T (Continued on page 4.)
A. L. Ransom Pays Fine.
A. L, Ransom, proprietor of the
Pastime, was fined $10 and costs of
$5 on each of two charges of per
mitting minors to play billiards and
pdol in his place of business. Three
complaints were made against him
but one was dismissed in the police
court. He pleaded guilty to the other
two. He paid the fines and costs,
amounting to $30.
m WASHINGTON.—General March an
nounced today that the army will not
be reduced under any circumstances
below the figure mentioned in the
reorganization bill which failed in
congress, a total of 509,090 officers
and men. He said that this total will
be maintained until some law is
passed providing for a permanent
force which would "permit the mil
itary necessities of the United States
Talk Local Telephone Company.
Palouse telephone users were very
much incensed this week when they
were confronted with an advance of
about 33 per cent in their telephone
rates, and there has been consider
able talk of organizing a local com
pany. A number of leading business
men have stated that they would be
glad to help finance such a company,
and about all that is lacking is some
one to start the ball rolling. A num
ber of tesidence phones have been
taken out as a result of the advance
; m rates.—PalouseJRepublic.
The public school at Southwick will
a k as k e t social Thursday night,
March 13, at the school house for the
p ur p 0se 0 f ra ising funds to purchase
laboratory supplies for the school,
The progressive citizens of that corn
mun ;ty have already raised $200 by
subscription for laboratory equip
ment. There will also be a program
; n fhe early part of the evening,
Everyone is cordially invited to be
p resen t anc j the fair ones are urged
to bring well filled baskets.—Ken
Basket Social at Southwick
drick Gazette.
+ + + * + *+ + + 4> + + * + + +

Samuels Gets Reward.
+ H. F.
Samuels, nonpartisan +
+ candidate for governor, who got ♦
♦ "all het up" during the last cam- +
♦ paign, has been given his reward +
♦ for the support the nonpartizans +
+ gave Borah and Nugent. He has ♦
+ been appointed a special agent ♦
+ of the department of labor to ♦
♦ go to Europe and investigate la- ♦
+ bor conditions. His passports +
+ provide that he may visit the +
♦ British Isles, France, Belgium, +
+ Switzerland, Italy, Denmark, ♦
+ Norway and Sweden.
+ + + + 4 , + + + + 'l , + + + *! , + + +
The influenza ban will be lifted, at
least in part, next Monday. High
school will open Monday and the the
atres will be permitted to open under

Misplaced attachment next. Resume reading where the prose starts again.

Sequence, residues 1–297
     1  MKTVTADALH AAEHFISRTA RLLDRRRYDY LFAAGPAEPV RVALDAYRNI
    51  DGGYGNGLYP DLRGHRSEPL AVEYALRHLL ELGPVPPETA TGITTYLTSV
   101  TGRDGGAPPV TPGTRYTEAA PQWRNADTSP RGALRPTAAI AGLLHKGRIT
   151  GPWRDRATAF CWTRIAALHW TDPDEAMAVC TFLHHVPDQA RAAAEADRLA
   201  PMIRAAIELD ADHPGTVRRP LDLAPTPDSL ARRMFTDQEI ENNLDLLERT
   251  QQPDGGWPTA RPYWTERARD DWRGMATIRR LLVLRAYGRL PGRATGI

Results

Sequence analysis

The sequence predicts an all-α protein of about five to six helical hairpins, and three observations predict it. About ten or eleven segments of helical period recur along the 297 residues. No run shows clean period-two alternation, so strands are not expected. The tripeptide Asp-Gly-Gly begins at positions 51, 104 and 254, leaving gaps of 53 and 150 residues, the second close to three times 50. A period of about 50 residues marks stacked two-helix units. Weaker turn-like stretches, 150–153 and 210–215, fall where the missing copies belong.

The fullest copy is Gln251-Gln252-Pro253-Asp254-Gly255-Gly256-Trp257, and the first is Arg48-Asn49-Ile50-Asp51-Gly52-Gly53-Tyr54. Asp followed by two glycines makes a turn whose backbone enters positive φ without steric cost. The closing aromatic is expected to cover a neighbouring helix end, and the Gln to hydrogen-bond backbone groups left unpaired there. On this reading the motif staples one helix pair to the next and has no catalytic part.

restrictions. These are that every al
ternate row of seats be left unoc
cupied and that no minors be admit
ted. It is undecided yet whether the
grade schools will be opened. No
church services of any kind will be
held tomorrow.
The decision to permit the the
atres to open Monday will be received
with joy by many. The Kenworthy
has that great picture "The Fall of the
Barbara Coast" billed for Monday
evening and had expected a large at
tendance. As no one under 16 will
be permitted to attend this show, the
order forbidding any but adults at
tending will not affect the attend
ance. Dr. W. A. Adair, city health
officer, gave out the following state
ment today:
"The high school situation seems
decidedly improved there being few
cases reported among those students
during the last three days. We are
still in hopes that there will be no
more cases among them and we will
be able to open high school Monday.
"It is more doubtful about the
grade schools, as four families de
veloped the flu yesterday with from
one to four children in each. Flags
have been put up yesterday and to
day at the following places: John
Oberg. W. C. Johns, Frank Christen
son, C. A, Stenger, Rev. Becks, Dr.
John Thompson, J. E. Lewis; Ros
nagle, B. Third; Mrs. Gadner; S.
Adams; Smith, 803 E. 6th; an apart
ment at the Inland rooming house. All
homes, where there is sickness, will
continue to be quarantined, until their
physician determines whether it is
flu or not."
Later—The school board announces
the high school will open Monday but
the grade schools will not open until
announced in The Star-Mirror.
WASHINGTON. — Wireless dis
patches from the steamship George
Washington today report President
Wilson overjoyed at messages receiv
ed by him reporting the victory of
John H. Wilson, democrat over John
M. Jamison, republican, in the Twen
ty-second Pennsylvania district, Wil
son having run on a platform favor
ing the president's league of nations
In the metropolitan press the story
is widely circulated that this election
can be taken as the first indication
of what the people really think about
a league of nations and that the issue
in the Pennsylvania district was clean
cut on the league principle. The vic
tory is hailed with great joy by the
demorcats because the district has
been rock-ribbed in its republicanism
for many years. As related in print
it is giving comfort to the advocates
of the particular sort of league of
nations the president is advocating.
Appropriation Bill Passed.
It was learned this afternoon over
long distance telephone, that the gen
eral appropriation, carrying about
$650,000 for the University of Idaho
and its extension work and experi
ment station, passed the senate today
and will be signed by the governor.
The legislature expects to adjourn
this evening and the Latah delegation
starts for home tonight.
body and as a result,
starts for home tonight.
Burning Midnight Oil
W YpO CANT CtT our
7 i
r 7 !'

\<ér -ff
******** + ****** + *

Editor, Star-Mirror:
I know you wish to be fair and
just in all matters you publish in
your paper, and for that reason I beg
to say in regard to your editorial in
the issue of the 6th of this month
that so far as it places the blame for
the failure of some important legisla
tion to pass congress on "certain
senators who conducted a filibuster,"
it is not fair.
Over two months ago the president,
bi-eaking a precedent observed by all
former presidents, based upon a con
stitutional provision, left the United
States and went to Europe. While
he was over there being entertained
by kings and princes, and dined by
nobility on plates of gold, his demo
cratic departments of government,
and the democratic committees of
congress just simply ceased to func